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Report: Lazarus Group Deploys New ‘Kandykorn’ Malware in Crypto Exchange Attack

Hassan Shittu
Last updated: | 3 min read
Lazarus Group
Source: AdobeStock / Sergey Nivens

The state-sponsored North Korean hacker group Lazarus Group used a new type of malware called “Kandykorn” to target a cryptocurrency exchange.

On October 31, Elastic Security Labs reported that the notorious Lazarus Group used a new type of malicious software (malware) called “Kandykorn” in an attempt to compromise a cryptocurrency exchange.

Elastic Security Labs has revealed that the observed cyber activity, which dates back to April 2023, shows similarities with the well-known Lazarus Group, based on an examination of network infrastructure and methods employed.

According to Elastic, the attackers posed as blockchain engineers, targeting other engineers from the unnamed crypto exchange on a public Discord server.

They claimed to have designed a profitable arbitrage bot that could exploit price differences between cryptocurrencies on various exchanges. The engineers were convinced to download this “bot,” which was disguised as an arbitrage tool with file names like “config.py” and “pricetable.py.”

Advanced Malware ‘KANDYKORN’ Deployed Through Complex Five-Stage Process, Features Reflective Loading


In the discovery, Elastic Security Labs unveiled the sophisticated implant known as KANDYKORN, designed to monitor, interact, and skillfully evade detection. The deployment of KANDYKORN involves a meticulously orchestrated five-stage process that showcases its formidable capabilities.

The attack chain commences with the execution of a Python script named “watcher.py,” stored within a file labeled “Main.py.” Watcher.py, one of two malicious files stored in Main.py, establishes a connection to a remote Google Drive account, initiating the download of content into a file named “testSpeed.py.” Following a single execution of “testSpeed.py,” it is promptly erased to eliminate any traces.

During this brief execution, additional content is downloaded. TestSpeed.py acts as a dropper, fetching another Python file named “FinderTools” from a Google Drive URL. Serving as another dropper, FinderTools proceeds to download and execute a concealed second-stage payload, aptly named SUGARLOADER.

SUGARLOADER employs a “binary packer” to hide itself, posing a challenge for most malware detection programs. Elastic Security Labs managed to identify it by halting the program’s post-initialization functions and scrutinizing the virtual memory.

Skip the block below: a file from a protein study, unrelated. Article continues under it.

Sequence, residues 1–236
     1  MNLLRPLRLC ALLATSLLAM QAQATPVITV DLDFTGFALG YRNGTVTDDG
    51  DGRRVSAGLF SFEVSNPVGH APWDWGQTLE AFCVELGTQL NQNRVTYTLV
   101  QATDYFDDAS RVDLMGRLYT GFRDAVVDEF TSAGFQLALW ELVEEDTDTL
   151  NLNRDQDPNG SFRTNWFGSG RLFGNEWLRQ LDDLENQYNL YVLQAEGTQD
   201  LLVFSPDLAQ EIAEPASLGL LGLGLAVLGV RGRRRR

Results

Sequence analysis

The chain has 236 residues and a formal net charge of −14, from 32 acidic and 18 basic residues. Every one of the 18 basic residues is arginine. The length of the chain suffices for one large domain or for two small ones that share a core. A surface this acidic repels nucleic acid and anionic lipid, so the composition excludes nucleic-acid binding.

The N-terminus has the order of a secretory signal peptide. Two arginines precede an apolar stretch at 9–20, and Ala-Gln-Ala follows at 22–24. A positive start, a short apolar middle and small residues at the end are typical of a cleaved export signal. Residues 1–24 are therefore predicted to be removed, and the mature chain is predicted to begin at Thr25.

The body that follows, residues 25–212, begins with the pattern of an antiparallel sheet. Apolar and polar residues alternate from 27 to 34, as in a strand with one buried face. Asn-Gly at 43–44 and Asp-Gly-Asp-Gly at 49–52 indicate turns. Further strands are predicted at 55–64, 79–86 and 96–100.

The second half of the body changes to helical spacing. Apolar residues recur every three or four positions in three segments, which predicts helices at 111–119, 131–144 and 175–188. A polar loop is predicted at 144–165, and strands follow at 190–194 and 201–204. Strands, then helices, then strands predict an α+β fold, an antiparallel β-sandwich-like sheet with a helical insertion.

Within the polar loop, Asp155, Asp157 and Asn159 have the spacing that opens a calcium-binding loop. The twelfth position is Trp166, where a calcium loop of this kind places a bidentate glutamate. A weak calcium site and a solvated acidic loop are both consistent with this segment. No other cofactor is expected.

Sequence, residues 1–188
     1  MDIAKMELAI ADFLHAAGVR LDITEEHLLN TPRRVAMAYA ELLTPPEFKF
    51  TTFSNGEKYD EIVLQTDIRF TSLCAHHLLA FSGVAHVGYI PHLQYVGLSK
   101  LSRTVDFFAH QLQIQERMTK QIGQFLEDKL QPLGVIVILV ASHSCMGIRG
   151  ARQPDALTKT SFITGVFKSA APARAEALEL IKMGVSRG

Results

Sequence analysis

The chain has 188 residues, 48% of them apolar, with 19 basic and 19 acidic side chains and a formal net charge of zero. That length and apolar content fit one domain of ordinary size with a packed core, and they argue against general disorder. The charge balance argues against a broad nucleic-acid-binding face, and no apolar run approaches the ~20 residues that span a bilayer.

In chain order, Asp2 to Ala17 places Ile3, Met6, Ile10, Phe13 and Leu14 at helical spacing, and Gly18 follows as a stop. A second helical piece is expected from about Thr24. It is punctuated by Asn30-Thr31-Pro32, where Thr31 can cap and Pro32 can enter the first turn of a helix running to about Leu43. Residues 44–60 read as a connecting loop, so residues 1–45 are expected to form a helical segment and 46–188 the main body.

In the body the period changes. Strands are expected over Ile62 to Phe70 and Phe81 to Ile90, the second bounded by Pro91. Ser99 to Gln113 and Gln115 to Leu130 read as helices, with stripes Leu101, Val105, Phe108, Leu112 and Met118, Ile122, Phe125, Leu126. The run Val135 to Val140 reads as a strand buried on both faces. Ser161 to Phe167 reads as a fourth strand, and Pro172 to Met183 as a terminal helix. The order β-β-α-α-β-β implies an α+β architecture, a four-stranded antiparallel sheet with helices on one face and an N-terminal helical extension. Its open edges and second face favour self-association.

Once established, SUGARLOADER establishes a connection with a remote server, retrieving the final-stage payload, KANDYKORN. This payload is executed directly in memory. Additionally, SUGARLOADER launches a Swift-based self-signed binary named HLOADER, masquerading as the legitimate Discord application. It achieves persistence using a technique known as execution flow hijacking.

KANDYKORN, the ultimate payload, stands as a formidable Remote Access Trojan (RAT) with an array of capabilities, including file enumeration, the execution of additional malware, data exfiltration, process termination, and the execution of arbitrary commands.

KANDYKORN grants the remote server an array of functions for potential malicious activities, including directory content listing and the seamless transfer of victim files to the attacker’s system. The discovery of this sophisticated implant highlights the evolving landscape of cyber threats and the importance of robust security measures.

Crypto Exchanges Suffer Multiple Private-Key Hacks in 2023, Linked to Lazarus Group with Millions Stolen


Crypto exchanges have suffered a rash of private-key hacks in 2023, most of which have been traced to the North Korean cybercrime enterprise Lazarus Group. The Lazarus Group has been linked to several crypto hacks running into millions of dollars, most notably the incident that saw over $40 million wiped from sports betting platform Stake.com.

According to blockchain surveillance firm Elliptic, Lazarus has stolen nearly $240 million in cryptocurrencies since June. Initiating attacks to steal cryptoassets from Atomic Wallet ($100 million), CoinsPaid ($37.3 million), Alphapo ($60 million), CoinEx ($54 million), and Stake.com ($41 million).

However, the United States Federal Bureau of Investigation has accused the Lazarus Group of being behind the Coinex hack, as well as performing the Stake attack and others.

According to a report from the institutional crypto platform provider 21.co, wallets connected to Lazarus Group contain around 1,600 Bitcoin, 10,810 Ether, and 64,490 Binance Coins.